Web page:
I felt like a fool. A fool for ever thinking that we would be able to finagle our way out of this horrendous housing m*rket. A fool for getting a buyer and their family involved. Most of all, a fool for allowing myself to feel positive.

I broke the news to my re*ltor this morning. She sounded defeated. "We'll just wait and see" she sighed.

When I still hadn't heard from my imaginary friend at 10:00 tonight I assumed the worst.

Until a few minutes ago when I glanced at the phone's voicemail light.

*blink* *blink*

"Chris, did you check messages today?".

"No". He walked over and pushed the button.

"Hi, Chris and Lena. Good news. Your sh*rt s*le has been approved."

Chris stood in the kitchen and stared at me sitting on the couch.

"Oh my God" one of us said.

And then my husband's eyes filled with tears.

"No!" I cried, "It's not over! The second m*rtgage hasn't answered us yet!"

And they haven't. It's not over. But, tomorrow we will know. Tomorrow we will hear from the second m*rtgage. We have cleared the biggest hurdle and for that I am grateful. I will allow myself to feel happy about that tonight...and to wish with all my heart that the second approval comes tomorrow.

And then I will let him cry.

8.19.2007

You Know What I Did This Summer

Oh, internet. You're so cute when you're feisty.

In response to recent inquiry from my concerned - albeit a bit presumptuous - commenters and emailers, I present to you in handy Q&A form, The Anatomy of a BMW Purchase.

Q. Lena, how could you pile on more debt when you haven't sold your house??
A. It was pretty simple, actually. Although, it did require both hands and a flashlight.

Q. Why aren't you riding a bike?
A. The helmet made me look fat.

Q. After the way you've handled your finances, I can't believe your husband would buy you a BMW.
A. If you like what I've done with my money, you should see what I can do with a cherry stem.

Q. Are you really having problems with your money?
A. Or is my money having problems with me. I admit, you raise an interesting point.

Q. Why aren't you selling fruit at intersections?
A. My Jimmy Choos get stuck in the sidewalk cracks.

Q. Why a BMW? Why not something more practical?
A. It has four cup holders. Hello! Practical!

Q. Lena, are you learning nothing from your house-selling nightmare?
A. I did! I learned that there's so many other things you can be doing with your m*rtgage statement rather than paying it. Bo-ring.


True Mortgage Statement Confessions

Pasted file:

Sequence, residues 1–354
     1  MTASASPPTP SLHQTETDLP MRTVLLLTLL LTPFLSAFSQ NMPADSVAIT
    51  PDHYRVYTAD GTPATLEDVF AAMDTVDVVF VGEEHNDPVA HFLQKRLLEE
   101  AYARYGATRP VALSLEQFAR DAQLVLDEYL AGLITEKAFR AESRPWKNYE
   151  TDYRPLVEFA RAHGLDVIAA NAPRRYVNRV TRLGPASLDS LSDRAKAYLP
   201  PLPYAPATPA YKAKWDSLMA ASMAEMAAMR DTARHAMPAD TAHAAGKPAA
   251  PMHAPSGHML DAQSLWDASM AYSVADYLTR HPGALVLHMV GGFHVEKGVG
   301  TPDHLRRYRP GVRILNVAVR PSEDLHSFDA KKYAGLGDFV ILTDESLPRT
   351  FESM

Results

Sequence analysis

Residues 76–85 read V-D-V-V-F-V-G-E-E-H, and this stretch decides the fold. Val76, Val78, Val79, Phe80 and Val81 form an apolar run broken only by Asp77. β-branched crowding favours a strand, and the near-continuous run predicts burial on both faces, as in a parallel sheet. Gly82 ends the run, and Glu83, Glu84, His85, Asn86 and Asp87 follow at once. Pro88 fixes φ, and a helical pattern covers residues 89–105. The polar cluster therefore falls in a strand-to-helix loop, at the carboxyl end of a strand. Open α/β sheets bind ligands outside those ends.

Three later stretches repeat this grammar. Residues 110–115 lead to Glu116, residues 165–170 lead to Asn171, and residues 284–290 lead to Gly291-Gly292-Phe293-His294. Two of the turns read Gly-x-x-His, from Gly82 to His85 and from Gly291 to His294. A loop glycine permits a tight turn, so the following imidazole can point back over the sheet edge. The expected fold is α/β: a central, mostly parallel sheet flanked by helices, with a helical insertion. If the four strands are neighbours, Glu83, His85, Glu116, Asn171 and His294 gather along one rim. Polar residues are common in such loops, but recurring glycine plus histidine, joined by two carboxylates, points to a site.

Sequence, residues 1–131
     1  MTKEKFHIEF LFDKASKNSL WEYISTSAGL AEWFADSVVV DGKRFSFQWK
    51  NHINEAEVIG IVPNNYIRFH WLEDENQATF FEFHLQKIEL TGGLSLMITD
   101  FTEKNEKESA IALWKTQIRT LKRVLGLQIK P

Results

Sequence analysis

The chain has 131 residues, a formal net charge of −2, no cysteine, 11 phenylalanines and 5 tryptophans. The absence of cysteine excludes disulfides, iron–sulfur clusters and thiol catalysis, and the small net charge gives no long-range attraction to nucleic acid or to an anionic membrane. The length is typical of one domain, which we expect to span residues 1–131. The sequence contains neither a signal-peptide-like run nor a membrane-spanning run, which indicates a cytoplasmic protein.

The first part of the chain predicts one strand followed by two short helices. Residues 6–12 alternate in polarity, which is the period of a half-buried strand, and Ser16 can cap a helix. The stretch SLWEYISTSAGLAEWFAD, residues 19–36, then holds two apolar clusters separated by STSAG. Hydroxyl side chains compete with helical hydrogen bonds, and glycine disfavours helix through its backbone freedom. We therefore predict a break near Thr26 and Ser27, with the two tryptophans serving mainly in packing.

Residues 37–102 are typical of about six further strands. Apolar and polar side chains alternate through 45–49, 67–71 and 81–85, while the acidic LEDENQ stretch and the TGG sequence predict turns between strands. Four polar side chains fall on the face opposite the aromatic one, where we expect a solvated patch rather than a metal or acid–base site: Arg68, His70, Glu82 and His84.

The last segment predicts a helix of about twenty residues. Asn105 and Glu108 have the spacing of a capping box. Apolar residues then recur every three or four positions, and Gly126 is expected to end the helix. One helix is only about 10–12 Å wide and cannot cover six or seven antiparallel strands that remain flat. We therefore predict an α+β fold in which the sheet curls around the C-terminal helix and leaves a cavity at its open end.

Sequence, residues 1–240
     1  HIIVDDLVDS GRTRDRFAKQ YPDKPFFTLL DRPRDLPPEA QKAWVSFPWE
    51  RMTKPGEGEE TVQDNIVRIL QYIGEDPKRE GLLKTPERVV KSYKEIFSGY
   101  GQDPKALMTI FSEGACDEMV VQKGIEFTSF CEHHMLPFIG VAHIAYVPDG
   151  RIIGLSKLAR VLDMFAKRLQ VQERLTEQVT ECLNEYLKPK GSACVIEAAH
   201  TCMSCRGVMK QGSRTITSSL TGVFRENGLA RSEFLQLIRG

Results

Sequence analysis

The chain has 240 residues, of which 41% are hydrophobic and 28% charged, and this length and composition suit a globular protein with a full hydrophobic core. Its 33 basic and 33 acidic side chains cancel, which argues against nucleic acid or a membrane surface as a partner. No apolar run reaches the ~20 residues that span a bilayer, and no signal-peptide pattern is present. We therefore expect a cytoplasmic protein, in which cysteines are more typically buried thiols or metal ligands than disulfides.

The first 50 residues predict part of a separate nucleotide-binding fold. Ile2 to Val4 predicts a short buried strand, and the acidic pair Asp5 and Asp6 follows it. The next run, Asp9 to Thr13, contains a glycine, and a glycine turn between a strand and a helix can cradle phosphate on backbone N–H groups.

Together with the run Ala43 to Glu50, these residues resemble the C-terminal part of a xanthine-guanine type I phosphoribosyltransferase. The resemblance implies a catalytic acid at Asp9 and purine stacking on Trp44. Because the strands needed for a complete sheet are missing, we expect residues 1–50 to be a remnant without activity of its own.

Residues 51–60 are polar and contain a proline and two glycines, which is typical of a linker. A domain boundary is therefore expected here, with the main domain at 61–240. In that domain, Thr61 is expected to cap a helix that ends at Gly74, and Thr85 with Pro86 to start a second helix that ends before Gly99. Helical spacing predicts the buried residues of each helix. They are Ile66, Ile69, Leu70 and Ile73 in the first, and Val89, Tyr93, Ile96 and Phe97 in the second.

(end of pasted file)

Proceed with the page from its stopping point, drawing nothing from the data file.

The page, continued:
Don't worry, internet. Life still sucks. Despite what apparently shiny six year old wheels suggest.

I certainly don't need to defend myself or explain my decisions. What I will tell you is that my new car was a fin*ncial decision Chris and I made months ago. A decision that would put us in a much better position on a monthly basis while still providing security and dependability.

I'll also tell you that I'm now working part-time and giving over my entire check to pay off our credit debt. And when Savannah starts Kindergarten next month, I plan on taking the time to get really creative with my next at home business.

(I'm thinking of doing children's parties as The Irritated Clown. It's an untapped market, don't you think?)

I shouldn't have to sit here and tear down my car and further expose my finances so that the internet can sit back and relax and breathe a sigh of relief that I'm not treating myself to something nice (why would I deserve that, after all?).

But, I am.

Not for the trolls with their anonymous email accounts. But, for the people who read me who I know are genuinely concerned over our situation. The people who email me their house-selling horror stories and are rooting me on. The people who I commiserate with off line. The people who deserve to know the finer details of my story because they care. To you, I say, thank you. Thank you for letting me celebrate my six year old little car. Thank you for giving me the benefit of the doubt. Thank you for seeing through my silly self-deprecating act and knowing I'm not a complete moron.

I appreciate your interest and your respectful curiosity. To those who are simply being judgmental, I say bite my cookie.

No, I'm not rinsing out my baggies and no, I'm not driving a Yugo. But, I am doing something far far worse. Or better, depending on how you look at it.

Me On a Budget

Happy now?

8.16.2007

Just When You Thought I Had Realized That You Don't Want To Hear About My House Anymore

I've let myself hope so hard about the future that when I walked outside this morning I thought I saw a BMW in my driveway. Chris thought it might make 30 a little easier. It does. As a matter of fact 30 is so easy so far that I don't think she's wearing panties anymore.

As an added bonus, I've found that it's less difficult to feel hopeful about your future when you wouldn't mind living in your car.

8.13.2007

It's Exhausting Being Right All the Time

Have you heard? Not everyone had an awesome time at BlogHer. A thousand women in one place and not every single person had the time of their life (I can't not think of Dirty Dancing when I say "time of my life", can you?).

I'm not going to link to anyone's complaints in particular because everyone is entitled to voice their feelings in their own space without someone calling them out. But, I will say that Lindsay summed up her opinion nicely here.

Here's the thing: I agree with those people.

I don't disbelieve for a minute that they arrived at BlogHer fully intending on having a great time with their internet friends. Instead, they realized that maybe they didn't have as many friends as they thought. In fact, maybe they weren't their friends at all. They were ready for a weekend of basking in the glory of their internet-ness and instead found themselves wandering the banquet room with their plate of food looking for a table of familiar, or even welcoming, faces and thought "My God. I paid money to go back to high school".